|Publication number||US5421193 A|
|Application number||US 08/175,641|
|Publication date||Jun 6, 1995|
|Filing date||Dec 30, 1993|
|Priority date||Dec 30, 1993|
|Publication number||08175641, 175641, US 5421193 A, US 5421193A, US-A-5421193, US5421193 A, US5421193A|
|Inventors||John A. Carlin, James L. Wolf|
|Original Assignee||Proeco, Inc.|
|Export Citation||BiBTeX, EndNote, RefMan|
|Patent Citations (6), Referenced by (41), Classifications (13), Legal Events (13)|
|External Links: USPTO, USPTO Assignment, Espacenet|
1. Field of the Invention
The present invention relates, in general, to fluid storage tank monitoring and, more particularly, to a float excitation system which efficiently minimizes the effects of fluid surface tension, allowing float to settle into the fluid to its true buoyancy for high precision leak detection.
2. Statement of the Problem
Leaking fluid product storage tanks represent a significant economic and environmental concern. Product leaks waste valuable product fluid stored in the tanks. Moreover, such leaks can cause water and possibly soil to contaminate the product fluid stored in the tank. More importantly, leaking fluid product storage tanks result in contamination of the surrounding soil and groundwater, which is especially critical when the fluid product is fuel, chemicals, or the like.
Leaks are often so small that volume lost over time is a fraction of the storage capacity of the tank. Over time, however, significant quantities of product fluid are lost. The slow leak rate makes rapid leak detection particularly difficult. The measurement problem is complicated because underground storage tanks are particularly harsh environments in which to make accurate measurements. For example, temperature changes or changes in barometric pressure affect the product fluid level and the measurement apparatus to such an extent that the volume change caused by a slow leaks is difficult.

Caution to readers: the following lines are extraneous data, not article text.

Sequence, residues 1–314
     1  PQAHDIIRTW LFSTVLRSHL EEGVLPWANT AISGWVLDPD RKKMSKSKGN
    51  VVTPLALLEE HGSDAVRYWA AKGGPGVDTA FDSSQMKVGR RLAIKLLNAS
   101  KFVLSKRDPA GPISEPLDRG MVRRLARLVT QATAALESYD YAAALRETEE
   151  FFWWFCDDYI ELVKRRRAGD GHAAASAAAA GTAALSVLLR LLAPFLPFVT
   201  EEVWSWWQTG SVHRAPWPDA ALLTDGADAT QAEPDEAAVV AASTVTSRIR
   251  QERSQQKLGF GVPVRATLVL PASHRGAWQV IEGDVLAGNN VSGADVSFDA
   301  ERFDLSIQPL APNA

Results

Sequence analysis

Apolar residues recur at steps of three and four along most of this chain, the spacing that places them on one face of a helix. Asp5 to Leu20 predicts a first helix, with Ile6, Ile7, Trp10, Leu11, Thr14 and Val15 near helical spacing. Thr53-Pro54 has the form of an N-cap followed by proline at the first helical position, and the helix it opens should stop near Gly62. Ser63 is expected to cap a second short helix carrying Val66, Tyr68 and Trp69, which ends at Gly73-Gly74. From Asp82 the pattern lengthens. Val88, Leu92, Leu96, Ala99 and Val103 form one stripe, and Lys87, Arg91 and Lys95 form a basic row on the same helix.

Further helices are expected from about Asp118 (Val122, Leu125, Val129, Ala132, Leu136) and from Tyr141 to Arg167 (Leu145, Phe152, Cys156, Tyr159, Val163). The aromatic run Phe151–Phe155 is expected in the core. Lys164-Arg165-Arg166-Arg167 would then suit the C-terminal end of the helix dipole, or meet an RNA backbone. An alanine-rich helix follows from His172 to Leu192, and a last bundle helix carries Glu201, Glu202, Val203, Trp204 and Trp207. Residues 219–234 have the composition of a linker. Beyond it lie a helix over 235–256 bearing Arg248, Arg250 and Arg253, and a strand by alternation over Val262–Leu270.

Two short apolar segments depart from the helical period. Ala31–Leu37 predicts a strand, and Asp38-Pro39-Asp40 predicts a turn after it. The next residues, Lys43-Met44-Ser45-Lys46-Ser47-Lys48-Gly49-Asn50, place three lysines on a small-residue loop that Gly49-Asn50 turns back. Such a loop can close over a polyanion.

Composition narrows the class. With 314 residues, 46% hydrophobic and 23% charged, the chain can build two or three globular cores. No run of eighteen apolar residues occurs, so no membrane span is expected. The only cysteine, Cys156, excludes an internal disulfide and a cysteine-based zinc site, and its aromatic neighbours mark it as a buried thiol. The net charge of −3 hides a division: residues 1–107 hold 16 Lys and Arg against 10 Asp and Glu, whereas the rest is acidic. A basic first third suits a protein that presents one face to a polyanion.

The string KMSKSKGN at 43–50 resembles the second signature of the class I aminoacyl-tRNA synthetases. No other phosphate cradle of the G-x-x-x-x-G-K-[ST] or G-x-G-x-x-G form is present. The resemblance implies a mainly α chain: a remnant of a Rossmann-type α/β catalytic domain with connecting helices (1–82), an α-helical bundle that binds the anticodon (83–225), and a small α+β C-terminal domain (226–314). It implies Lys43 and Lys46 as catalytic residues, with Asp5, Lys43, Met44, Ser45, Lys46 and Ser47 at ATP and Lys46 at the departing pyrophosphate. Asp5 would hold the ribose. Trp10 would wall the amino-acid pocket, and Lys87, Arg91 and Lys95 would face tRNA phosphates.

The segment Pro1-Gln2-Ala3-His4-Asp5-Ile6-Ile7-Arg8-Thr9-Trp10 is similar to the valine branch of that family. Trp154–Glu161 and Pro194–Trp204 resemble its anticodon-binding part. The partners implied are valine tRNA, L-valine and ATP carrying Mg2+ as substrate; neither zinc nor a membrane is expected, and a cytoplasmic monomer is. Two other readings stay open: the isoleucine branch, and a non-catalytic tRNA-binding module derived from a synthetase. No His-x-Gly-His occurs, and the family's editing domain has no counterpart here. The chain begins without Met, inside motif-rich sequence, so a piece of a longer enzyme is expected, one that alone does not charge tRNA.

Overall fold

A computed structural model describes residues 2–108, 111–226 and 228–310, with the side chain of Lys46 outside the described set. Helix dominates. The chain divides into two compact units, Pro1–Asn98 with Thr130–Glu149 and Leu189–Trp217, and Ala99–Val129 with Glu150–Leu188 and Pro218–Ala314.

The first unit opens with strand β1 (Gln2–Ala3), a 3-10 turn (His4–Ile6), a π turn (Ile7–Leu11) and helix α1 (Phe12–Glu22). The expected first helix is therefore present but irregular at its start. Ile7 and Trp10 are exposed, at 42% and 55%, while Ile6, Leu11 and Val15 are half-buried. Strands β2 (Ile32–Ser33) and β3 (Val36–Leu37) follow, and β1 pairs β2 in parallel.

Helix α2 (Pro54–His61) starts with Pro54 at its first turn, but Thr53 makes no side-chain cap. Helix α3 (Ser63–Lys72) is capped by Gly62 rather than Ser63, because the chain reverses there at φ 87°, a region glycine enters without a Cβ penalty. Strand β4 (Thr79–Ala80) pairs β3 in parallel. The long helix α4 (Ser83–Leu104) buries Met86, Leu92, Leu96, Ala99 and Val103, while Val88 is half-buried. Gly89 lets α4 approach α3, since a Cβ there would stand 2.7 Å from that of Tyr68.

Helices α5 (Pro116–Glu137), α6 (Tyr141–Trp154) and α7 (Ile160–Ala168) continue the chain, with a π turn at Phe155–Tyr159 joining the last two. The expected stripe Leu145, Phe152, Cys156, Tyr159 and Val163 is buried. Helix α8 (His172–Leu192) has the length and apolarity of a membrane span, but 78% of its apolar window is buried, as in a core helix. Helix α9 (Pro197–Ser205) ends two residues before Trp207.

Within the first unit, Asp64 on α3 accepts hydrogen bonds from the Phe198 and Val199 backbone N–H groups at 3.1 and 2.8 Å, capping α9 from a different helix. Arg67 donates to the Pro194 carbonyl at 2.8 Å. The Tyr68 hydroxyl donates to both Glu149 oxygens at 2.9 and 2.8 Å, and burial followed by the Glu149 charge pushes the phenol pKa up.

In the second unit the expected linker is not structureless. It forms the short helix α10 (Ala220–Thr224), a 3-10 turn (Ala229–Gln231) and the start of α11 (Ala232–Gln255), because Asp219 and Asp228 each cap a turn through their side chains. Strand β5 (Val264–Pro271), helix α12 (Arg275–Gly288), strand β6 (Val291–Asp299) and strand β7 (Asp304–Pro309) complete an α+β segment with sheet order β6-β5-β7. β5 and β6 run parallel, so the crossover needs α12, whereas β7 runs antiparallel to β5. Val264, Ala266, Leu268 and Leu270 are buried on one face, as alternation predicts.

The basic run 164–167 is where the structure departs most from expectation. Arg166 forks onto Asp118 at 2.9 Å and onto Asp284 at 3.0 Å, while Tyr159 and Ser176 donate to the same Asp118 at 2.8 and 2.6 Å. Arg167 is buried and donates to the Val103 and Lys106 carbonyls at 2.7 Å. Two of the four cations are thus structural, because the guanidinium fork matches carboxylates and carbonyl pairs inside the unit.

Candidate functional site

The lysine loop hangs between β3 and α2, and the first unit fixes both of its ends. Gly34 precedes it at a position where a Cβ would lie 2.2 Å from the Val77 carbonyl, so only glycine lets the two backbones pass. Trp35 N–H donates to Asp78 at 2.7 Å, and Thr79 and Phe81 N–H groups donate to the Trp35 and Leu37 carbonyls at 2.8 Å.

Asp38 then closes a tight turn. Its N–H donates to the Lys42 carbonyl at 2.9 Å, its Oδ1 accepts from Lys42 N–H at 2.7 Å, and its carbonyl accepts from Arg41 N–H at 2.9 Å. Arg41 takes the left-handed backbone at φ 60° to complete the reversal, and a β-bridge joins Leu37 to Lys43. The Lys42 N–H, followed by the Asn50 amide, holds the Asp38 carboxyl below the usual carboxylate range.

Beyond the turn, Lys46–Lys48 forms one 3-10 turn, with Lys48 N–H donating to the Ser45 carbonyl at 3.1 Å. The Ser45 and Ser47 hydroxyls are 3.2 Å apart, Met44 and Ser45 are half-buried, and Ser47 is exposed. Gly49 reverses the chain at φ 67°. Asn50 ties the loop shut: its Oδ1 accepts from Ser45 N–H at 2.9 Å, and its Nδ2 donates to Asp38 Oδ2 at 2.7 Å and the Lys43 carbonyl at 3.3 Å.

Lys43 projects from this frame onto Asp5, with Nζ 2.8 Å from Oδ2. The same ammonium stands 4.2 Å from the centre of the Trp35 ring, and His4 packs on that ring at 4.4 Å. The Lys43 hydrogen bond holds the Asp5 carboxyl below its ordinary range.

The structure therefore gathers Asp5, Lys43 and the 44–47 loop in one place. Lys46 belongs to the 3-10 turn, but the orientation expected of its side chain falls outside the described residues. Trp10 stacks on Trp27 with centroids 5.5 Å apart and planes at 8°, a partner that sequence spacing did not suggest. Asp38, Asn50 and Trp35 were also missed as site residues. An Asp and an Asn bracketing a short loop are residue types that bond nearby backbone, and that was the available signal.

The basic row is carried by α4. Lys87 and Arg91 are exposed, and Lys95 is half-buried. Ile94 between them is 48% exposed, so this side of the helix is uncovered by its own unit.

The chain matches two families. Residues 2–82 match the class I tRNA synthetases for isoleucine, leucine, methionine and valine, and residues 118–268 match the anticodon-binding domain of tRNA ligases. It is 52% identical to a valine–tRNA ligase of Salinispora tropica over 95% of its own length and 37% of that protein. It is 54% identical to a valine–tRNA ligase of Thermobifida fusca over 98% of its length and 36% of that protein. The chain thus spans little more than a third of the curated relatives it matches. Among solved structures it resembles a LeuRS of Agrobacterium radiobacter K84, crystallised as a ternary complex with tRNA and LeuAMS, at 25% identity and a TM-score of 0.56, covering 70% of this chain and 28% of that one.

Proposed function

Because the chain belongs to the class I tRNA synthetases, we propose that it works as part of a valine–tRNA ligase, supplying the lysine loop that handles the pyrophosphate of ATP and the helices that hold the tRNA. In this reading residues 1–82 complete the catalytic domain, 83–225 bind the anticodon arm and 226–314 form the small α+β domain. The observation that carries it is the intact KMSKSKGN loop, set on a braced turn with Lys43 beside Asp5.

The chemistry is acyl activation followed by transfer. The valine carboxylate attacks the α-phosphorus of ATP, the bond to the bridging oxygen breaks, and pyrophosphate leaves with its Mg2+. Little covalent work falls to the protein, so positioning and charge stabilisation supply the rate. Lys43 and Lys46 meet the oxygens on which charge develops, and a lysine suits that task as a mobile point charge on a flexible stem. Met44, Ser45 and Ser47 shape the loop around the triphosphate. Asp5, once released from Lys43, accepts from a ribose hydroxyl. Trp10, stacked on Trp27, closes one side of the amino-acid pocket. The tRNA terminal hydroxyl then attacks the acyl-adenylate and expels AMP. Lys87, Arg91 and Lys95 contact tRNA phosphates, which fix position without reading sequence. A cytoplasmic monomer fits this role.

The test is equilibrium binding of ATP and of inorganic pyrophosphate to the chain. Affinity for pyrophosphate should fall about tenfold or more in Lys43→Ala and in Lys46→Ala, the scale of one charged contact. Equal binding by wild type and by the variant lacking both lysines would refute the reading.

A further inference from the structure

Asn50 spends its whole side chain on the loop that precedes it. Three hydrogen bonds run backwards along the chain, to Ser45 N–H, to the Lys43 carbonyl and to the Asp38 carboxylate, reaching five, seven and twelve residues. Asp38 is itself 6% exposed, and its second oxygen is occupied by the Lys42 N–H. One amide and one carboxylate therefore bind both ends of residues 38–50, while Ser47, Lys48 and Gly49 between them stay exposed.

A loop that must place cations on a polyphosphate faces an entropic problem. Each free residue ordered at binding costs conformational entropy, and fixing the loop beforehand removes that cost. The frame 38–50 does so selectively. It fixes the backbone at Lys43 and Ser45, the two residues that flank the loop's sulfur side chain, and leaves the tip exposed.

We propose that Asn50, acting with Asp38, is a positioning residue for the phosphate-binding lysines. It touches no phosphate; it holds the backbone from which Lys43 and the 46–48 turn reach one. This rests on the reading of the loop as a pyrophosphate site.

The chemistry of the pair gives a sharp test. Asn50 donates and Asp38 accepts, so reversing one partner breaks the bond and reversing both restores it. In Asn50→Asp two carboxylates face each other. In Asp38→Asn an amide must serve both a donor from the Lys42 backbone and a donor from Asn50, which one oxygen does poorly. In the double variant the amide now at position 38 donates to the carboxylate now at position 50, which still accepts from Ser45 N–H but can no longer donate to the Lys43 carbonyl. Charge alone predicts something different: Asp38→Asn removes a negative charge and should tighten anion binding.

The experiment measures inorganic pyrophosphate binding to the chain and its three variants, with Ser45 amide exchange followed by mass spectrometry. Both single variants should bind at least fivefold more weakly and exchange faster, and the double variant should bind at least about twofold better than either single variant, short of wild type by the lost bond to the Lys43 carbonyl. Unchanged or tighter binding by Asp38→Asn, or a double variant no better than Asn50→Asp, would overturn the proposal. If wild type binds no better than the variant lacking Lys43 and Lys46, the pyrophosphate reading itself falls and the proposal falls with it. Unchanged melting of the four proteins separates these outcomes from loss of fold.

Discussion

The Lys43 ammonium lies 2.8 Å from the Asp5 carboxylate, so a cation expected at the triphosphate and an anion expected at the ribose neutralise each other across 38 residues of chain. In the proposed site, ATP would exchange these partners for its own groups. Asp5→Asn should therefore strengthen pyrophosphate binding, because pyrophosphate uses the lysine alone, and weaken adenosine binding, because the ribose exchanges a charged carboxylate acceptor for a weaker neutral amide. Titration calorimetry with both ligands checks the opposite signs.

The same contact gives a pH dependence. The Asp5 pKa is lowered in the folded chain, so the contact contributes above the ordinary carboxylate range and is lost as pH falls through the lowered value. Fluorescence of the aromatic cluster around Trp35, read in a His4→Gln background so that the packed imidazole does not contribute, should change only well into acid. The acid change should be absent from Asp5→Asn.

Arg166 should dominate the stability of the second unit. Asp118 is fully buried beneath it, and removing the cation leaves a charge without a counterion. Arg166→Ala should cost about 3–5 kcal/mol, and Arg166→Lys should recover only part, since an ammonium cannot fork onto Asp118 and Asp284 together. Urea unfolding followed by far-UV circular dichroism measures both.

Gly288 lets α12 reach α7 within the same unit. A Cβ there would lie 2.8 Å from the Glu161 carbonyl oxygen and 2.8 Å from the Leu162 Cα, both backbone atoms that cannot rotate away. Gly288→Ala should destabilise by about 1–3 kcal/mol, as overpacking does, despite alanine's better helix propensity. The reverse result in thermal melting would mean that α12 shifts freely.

Leak detectors, also called fluid level detectors, usually include a float that rides on the surface of the product fluid. The float is attached to some form of position transducer that generates a signal indicating the position of the float relative to some fixed reference position. The float position is monitored over a long period of time to detect leaks. Often, the tank is in use (i.e., having product added and removed) during the measurement, so the leak detector must distinguish between the slow, steady volume change caused by a leak and the more dramatic change caused by normal use.
U.S. Pat. No. 4,850,223 entitled "LEAK DETECTOR", issued on Jul. 25, 1989, U.S. Pat. No. 5,156,042 issued on Oct. 20, 1992, and U.S. Pat. No. 5,209,106 entitled "LEAK DETECTOR FLOAT SYSTEM AND METHOD THEREFOR", issued on May 11, 1993, set forth precision tank monitors which discloses problems involved in making highly accurate accounting of fluid products in storage tanks. These patents set out the problems involved in accurately detecting volume changes caused by environmental conditions such as temperature variation, changes in barometric pressure, and the like.